Either alone or with a motley crew of survivors, you must survive for long enough on its many pixel plains to make the trek into Canada: the last bastion of hope for humanity after a zombie apocalypse.
Along the way, you’ll have to scavenge for supplies and fend off the undead with a risk and reward system firmly in place for almost any choice you make. You will make your way through many bands of misfits before you find one that sticks, though there are never any guarantees of success. Some might even leave you behind.
The hordes will keep on coming the closer you get to Canada, making Rocketcat Games’ Early Access success story one that will pull you in for hours.
23. State of Decay 2
Developer: Undead Labs Publisher: Funcom Platform(s): PC, Xbox One, Xbox Series X | S Single-player/Multiplayer: Both
The logical evolution on its wholly underrated predecessor, State of Decay adds a new lick of paint to the original and adds deeper community mechanics in the process.
It’s less a game about your survival and more a game about making sure your friends pull through instead. It’s a burden that weighs down on you throughout, an almost thankless and neverending task.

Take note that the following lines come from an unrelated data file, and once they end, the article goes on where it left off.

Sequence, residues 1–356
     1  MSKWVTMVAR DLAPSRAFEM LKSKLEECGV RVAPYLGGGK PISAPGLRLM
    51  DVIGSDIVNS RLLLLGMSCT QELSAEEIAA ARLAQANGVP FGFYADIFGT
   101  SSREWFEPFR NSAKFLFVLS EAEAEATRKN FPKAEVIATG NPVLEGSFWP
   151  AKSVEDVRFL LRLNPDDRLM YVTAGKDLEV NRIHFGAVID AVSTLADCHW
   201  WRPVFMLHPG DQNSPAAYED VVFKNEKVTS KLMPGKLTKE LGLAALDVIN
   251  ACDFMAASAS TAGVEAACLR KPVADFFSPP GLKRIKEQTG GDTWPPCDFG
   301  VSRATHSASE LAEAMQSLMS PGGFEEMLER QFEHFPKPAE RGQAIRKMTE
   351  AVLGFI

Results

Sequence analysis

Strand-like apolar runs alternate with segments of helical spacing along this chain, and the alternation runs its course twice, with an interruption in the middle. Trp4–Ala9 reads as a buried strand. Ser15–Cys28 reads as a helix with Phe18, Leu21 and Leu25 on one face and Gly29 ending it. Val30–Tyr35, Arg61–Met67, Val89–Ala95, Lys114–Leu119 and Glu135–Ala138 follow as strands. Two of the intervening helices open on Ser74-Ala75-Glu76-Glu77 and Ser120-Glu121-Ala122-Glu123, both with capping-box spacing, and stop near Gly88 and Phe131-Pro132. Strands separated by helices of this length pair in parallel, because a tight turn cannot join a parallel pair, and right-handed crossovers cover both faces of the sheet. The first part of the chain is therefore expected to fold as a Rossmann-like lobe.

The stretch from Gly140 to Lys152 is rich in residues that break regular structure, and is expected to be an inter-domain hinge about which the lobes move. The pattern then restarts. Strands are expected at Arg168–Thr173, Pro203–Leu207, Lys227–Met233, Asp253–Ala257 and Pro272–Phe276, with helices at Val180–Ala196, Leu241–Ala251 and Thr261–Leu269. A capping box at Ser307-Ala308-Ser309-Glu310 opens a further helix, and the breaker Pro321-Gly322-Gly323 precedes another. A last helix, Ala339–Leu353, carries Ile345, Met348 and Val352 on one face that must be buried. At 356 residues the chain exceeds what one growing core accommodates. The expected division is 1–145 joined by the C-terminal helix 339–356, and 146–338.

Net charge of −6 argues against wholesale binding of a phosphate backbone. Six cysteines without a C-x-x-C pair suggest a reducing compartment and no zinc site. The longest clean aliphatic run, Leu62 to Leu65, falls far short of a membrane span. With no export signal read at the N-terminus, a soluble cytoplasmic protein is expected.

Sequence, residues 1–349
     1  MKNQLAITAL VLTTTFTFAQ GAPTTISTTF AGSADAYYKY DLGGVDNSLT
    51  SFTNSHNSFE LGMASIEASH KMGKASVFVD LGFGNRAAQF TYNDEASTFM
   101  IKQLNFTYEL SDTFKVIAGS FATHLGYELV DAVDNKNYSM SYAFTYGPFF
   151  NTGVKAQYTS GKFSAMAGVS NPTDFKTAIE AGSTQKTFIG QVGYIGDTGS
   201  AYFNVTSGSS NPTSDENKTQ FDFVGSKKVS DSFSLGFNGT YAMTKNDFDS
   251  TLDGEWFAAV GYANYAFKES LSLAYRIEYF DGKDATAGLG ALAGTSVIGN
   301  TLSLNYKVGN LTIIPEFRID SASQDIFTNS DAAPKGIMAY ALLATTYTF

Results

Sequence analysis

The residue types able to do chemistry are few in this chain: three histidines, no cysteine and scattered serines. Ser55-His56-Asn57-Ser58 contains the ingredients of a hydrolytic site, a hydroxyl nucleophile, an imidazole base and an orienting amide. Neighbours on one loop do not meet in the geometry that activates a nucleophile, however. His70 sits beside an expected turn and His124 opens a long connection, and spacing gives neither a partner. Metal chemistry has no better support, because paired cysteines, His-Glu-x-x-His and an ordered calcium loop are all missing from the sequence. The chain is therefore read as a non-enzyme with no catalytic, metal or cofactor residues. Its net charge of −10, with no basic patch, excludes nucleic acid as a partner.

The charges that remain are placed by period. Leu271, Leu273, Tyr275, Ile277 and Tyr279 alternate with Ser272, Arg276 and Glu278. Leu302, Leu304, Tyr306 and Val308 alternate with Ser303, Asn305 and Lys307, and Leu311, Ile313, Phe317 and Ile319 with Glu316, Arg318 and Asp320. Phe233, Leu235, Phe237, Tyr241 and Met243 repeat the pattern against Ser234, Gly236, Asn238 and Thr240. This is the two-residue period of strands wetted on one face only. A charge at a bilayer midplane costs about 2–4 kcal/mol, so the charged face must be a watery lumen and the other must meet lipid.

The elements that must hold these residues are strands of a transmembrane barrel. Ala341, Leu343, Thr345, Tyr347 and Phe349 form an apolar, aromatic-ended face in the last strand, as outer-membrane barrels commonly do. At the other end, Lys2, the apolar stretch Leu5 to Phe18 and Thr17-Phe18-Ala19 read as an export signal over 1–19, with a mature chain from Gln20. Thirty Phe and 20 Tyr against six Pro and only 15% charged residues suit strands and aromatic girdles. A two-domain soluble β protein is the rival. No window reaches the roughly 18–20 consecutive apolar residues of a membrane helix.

Whether it’s finding resources or cures, you’re never left without something to do in State of Decay 2. Sure, the busywork may become too much for some (your fellow survivors are certainly a demanding bunch), but once you arrive at a point where your community is as armed and ready as the army of a small country, all the hard work proves worth it.
It still has some issues, though you can expect Undead Labs will clean it up completely before long. Or fix them for the sequel, of course.
A lot of survival games take themselves very seriously, them favouring brutal realism and a punishing difficulty over a bit of a lark.
Breathedge seeks to rectify that by allowing you to just mess around in space in the company of an immortal chicken. Yes.
First launching in Early Access, Breathedge saw a few updates over the years before finally releasing in 2021 to strong reviews. While constant comparisons of “Subnautica in space” are a little tiring, there’s really something to be said for Breathedge’s brand of comedy and quiet beauty of space, even if low oxygen can feel a little constricting to begin with.
If the grim nature of the likes of The Forest and Frostpunk is a little too much, try out this demented version of Wall-E in the survival genre instead.
21. Oxygen Not Included
Developer: Klei Entertainment Publisher: Klei Entertainment Platform: PC Single-player/Multiplayer: Single-player